We covered Story’s decaying cannon earlier in his free agency. We noted then that his arm strength first slid below the positional average for shortstops in 2020. Last offseason didn’t help him recover his oomph, and it’s anyone’s guess if this winter will help him get back to his old form. If the answer proves to be “no,” then Story is likely to end up at another position — presumably second base — before long. His bat is potent enough to withstand such a move, but it’s a consideration teams will have to weigh before they give him a multi-year contract to serve as their shortstop. 

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The fault line: Position and defense

Castellanos can really hit, and it’s a good thing he can because his apparent athleticism has never translated to quality corner-outfield defense. Public-facing fielding metrics mostly stink, but we’ll pinch our nose while pointing toward Statcast’s Outs Above Average metric. According to that measure, Castellanos has been at least five plays below par in each season dating back to 2016. Just use him at DH, right? Absolutely … except, to quote the man himself: “I don’t want to DH.” Perhaps Castellanos can be persuaded by his next club (or, at least, by his next check). Until that proves to be the case, his stubbornly substandard glove will remain an issue.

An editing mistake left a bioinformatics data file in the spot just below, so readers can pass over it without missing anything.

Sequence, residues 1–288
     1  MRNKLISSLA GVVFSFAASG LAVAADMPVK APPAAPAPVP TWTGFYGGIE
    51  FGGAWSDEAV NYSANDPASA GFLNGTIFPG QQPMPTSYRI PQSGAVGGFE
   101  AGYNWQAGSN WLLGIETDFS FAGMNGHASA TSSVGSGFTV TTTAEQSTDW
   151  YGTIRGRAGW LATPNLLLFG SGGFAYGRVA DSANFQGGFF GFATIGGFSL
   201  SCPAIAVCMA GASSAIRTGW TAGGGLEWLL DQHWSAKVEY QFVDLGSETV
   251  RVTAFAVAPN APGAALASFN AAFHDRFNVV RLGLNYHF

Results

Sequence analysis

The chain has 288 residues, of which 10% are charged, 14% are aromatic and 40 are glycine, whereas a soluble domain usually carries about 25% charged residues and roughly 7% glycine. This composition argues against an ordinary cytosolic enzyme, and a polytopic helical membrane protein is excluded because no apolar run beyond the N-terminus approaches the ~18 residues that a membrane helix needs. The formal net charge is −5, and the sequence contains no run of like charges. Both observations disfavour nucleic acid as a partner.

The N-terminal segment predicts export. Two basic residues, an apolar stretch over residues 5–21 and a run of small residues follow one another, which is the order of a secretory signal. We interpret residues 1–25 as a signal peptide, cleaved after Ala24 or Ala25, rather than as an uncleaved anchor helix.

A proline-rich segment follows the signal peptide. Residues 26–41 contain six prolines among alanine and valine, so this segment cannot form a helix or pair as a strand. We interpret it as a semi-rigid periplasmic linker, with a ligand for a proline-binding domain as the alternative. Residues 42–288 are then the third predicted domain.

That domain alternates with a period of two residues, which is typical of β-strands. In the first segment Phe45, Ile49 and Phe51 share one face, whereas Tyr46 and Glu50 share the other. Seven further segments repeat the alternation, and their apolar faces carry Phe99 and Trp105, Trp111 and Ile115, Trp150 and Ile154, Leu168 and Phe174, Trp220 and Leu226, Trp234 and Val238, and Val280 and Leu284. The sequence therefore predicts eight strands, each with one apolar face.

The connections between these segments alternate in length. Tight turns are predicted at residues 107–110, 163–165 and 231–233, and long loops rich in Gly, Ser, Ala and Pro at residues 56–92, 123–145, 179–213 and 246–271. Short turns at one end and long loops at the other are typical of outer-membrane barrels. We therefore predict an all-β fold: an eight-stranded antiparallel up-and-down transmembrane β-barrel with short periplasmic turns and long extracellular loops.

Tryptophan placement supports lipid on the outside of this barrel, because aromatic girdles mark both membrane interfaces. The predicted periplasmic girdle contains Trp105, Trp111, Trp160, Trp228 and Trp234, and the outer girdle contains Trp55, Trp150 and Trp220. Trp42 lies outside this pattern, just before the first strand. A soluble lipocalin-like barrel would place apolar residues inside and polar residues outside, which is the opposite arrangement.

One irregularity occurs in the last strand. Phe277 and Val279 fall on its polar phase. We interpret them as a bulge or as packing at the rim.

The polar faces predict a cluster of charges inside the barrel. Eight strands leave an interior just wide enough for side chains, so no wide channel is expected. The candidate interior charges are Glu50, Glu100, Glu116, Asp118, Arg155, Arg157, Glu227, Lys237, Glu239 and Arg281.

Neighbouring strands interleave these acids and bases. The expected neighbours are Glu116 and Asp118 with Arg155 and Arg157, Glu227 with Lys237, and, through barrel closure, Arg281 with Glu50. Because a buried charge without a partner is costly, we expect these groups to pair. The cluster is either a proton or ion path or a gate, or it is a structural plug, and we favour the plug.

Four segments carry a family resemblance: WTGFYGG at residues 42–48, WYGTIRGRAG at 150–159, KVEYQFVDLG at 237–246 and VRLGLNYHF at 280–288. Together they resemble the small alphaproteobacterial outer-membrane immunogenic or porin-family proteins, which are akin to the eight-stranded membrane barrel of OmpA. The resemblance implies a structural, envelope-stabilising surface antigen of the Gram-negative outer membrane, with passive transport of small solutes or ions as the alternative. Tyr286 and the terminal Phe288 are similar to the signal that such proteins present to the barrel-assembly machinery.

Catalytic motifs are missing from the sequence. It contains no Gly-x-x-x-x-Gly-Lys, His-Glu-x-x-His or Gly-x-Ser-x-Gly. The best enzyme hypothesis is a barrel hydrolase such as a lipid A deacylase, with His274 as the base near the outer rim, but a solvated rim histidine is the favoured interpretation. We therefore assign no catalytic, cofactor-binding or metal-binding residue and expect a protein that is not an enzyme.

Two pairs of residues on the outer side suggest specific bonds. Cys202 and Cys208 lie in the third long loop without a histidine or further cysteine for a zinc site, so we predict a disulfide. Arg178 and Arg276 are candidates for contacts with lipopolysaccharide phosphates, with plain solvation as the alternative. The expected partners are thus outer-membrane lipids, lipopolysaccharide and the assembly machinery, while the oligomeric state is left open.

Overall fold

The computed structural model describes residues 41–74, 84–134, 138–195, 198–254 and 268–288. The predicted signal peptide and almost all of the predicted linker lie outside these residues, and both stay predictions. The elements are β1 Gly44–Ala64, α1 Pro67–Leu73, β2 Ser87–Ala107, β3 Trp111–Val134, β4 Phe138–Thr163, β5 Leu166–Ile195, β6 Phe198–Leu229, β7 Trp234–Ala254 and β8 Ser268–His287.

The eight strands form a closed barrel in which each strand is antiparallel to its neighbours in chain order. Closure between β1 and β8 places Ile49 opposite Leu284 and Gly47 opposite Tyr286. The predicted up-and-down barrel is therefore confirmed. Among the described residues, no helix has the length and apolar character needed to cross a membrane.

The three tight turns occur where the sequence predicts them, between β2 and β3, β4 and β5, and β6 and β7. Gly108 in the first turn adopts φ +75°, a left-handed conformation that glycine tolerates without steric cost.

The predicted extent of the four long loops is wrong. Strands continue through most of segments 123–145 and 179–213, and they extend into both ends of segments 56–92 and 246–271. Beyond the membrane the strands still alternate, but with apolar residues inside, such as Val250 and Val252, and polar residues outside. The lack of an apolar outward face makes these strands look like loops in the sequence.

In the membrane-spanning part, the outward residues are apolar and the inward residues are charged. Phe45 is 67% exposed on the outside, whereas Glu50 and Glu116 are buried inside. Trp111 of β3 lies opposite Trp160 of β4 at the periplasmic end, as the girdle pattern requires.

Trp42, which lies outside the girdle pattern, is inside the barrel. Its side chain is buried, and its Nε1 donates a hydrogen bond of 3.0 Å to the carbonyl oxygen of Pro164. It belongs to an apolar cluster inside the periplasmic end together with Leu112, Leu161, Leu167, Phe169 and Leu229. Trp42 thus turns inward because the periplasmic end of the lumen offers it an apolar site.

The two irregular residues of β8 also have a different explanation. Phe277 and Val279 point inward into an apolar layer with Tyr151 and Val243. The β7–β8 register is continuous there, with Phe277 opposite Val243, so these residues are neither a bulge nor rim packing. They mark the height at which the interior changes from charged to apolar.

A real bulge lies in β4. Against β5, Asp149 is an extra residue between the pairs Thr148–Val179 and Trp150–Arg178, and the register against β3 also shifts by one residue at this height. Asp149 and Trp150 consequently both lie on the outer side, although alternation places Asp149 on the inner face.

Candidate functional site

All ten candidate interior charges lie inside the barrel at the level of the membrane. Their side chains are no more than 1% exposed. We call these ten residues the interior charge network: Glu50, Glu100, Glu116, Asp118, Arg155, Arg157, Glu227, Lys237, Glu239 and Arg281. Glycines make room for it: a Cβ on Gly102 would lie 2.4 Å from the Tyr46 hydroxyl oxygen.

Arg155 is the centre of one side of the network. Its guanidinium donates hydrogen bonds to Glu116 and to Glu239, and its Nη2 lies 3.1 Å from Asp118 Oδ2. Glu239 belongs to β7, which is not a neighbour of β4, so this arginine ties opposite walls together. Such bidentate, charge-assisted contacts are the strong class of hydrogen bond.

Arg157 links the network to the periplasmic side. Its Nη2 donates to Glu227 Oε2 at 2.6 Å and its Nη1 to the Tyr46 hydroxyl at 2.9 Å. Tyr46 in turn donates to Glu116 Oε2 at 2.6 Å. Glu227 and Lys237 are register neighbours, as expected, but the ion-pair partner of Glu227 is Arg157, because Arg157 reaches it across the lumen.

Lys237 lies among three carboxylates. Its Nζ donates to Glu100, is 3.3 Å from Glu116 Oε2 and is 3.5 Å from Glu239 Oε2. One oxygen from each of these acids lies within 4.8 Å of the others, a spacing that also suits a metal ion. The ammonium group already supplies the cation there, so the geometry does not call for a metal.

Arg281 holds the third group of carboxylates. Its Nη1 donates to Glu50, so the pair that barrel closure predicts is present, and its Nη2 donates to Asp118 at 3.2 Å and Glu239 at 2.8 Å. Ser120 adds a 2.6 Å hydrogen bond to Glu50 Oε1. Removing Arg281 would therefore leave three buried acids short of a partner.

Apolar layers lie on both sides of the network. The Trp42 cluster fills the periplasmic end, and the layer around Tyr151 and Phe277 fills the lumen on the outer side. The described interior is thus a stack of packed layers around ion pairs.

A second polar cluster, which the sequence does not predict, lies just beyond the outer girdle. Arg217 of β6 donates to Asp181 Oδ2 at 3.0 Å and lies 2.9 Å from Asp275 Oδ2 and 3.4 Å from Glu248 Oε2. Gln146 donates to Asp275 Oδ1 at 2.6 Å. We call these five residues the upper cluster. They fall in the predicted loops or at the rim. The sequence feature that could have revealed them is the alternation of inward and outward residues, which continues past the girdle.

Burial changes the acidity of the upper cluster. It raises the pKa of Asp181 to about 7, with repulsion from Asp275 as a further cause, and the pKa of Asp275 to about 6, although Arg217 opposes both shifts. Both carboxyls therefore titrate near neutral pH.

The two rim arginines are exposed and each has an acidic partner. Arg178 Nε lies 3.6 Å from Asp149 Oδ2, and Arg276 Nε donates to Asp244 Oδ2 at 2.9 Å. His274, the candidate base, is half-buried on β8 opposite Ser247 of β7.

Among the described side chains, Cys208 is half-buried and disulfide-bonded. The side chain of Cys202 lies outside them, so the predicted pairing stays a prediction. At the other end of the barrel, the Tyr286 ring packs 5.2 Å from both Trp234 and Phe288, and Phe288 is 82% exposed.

6. Seiya Suzuki (No. 15 on top 50 list)

The fault line: Precedent